Much as it goes against the grain to say that a politician is correct, PM David Cameron does have a point when he says this country should be “far more muscular” in promoting its values and institutions.
Anyone who has travelled widely will know that in many countries you adhere to social norms or face a muscular response, whether it’s covering up in Muslim lands or going easy on the cussing (and not complaining about dry taverns) in the US Bible belt.
Similarly, people coming over here should adhere to our values – even if it does involve getting blind drunk and spewing up on the pavement before starting a fight and showing why the French call us Les F~~~ Offs.
Because while we agree with Mr Cameron that newcomers to this country should adopt our customs, it’s a bit harder to say what those customs should be, though clearly cynicism must be high up on the list.
Banning the burka is one people often call for — but what then happens to all those hoodie-wearing disaffected middle class youths on the front line of Mossley or Sandbach Heath, who suddenly find themselves kettled by the anti-terrorist squad?
Being positive (itself a bit un-British), and leaving cynicism aside, one leading British trait is a lack of faith in our leaders.
While we do have the occasional great leader who people look up to — most recently the Duke of Wellington — most of the time we think our leaders are idiots and we could do better.
This sadly extends to many other authority figures: we’d bet teachers are more widely respected by their students’ families in other parts of Europe (or in the Muslim world) than over here. While the latter is not good, a healthy and polite disrespect for authority is something we admire.
Our patriotism is of the kind that starts family fights: we moan about the country all the time, at least until a foreigner has a go; then we get defensive, rather like the way families who hate each other will unite against a common enemy.
But our patriotism is nothing like America, say: play the Star Spangled Banner at a public event over there and many people will stand up. Play the national anthem over here and most people will shuffle about awkwardly until it stops.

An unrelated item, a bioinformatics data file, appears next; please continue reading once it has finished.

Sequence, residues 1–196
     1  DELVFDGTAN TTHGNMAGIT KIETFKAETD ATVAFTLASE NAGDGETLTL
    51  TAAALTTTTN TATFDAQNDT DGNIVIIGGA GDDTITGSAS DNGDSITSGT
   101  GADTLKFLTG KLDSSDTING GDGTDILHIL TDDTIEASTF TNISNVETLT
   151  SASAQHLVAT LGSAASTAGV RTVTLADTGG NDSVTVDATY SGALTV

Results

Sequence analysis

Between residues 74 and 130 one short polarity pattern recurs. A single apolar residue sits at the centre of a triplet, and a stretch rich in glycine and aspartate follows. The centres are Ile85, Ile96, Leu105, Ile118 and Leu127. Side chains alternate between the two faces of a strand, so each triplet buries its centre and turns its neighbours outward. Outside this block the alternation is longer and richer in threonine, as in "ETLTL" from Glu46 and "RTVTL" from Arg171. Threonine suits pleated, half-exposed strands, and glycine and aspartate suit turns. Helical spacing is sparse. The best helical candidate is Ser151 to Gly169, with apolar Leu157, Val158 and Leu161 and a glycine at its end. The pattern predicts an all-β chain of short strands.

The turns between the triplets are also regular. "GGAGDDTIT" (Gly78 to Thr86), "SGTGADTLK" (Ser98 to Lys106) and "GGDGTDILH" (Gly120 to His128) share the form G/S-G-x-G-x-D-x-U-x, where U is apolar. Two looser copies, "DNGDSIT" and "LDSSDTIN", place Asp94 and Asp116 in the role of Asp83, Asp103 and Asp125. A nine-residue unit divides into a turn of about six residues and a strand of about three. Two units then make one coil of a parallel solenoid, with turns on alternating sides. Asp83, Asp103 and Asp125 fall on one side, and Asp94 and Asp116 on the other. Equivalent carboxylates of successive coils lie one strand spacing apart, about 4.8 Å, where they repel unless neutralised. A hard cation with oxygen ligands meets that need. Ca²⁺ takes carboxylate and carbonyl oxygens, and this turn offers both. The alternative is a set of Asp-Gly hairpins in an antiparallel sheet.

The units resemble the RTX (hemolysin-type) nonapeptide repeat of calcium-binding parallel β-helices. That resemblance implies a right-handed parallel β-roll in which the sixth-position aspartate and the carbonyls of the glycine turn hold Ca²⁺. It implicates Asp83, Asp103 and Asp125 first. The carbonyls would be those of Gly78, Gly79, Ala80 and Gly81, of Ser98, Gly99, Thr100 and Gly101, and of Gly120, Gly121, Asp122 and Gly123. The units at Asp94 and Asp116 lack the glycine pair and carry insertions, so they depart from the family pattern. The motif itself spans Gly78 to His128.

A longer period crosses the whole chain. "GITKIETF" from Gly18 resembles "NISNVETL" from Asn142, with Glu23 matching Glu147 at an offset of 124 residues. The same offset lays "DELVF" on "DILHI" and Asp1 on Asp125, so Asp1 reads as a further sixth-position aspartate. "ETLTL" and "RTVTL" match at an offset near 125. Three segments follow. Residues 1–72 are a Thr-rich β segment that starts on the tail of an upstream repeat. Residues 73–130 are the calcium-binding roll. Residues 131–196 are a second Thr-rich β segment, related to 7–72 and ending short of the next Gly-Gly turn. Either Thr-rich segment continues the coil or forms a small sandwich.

This lack of respect for authority has a positive side: English people on the whole are tolerant, mainly because to be intolerant is almost like taking a lead, and we don’t much like leaders.
We’re also fair-minded and polite, and like to back the underdog. (Admittedly it’s been argued that our politeness is merely a mask for the centuries of inbred aggression bubbling away under the surface).
Make even the simplest comment on football and you’ll be readily accepted into most male company.
So there’s some ideas for Mr Cameron — fairness, tolerance, the questioning of authority and the rules of football. He’s also in favour of democracy (as long as it’s first past the post, of course), so the list is shaping up nicely.
In another area, Mr Cameron sadly seems a little confused in his thinking.
The other week he was saying we were a Christian country and should not be ashamed to live by Christian ethics and culture.
He only made that comment because England is less Christian than it was — so if he wants to teach Britishness he should surely be teaching values removed from religion?
Evolution has been mentioned (at one Birmingham school, teachers allegedly told pupils they didn’t believe in it) but a fair few Christians don’t believe in it, either, so what sort of Christianity does he favour?
Christian commentators often complain about a national decline in morals but that surely reflects a rise in behaviour that could be called British? It’s all very confusing for a politician looking for soundbites.
We’d suggest to Mr C that he quietly abandons his pro- Christian stance (even though we agreed with it at the time). Safer routes would be Humanism (emphasise the value of humans) or Buddhism (no God, and all about respect).
So there you go, Prime Minster: instil Britishness by teaching Buddhism, democracy and association football. And adopt the practice of throwing shoes at Prime Ministers, as a goodwill gesture to migrants who favour that sort of thing.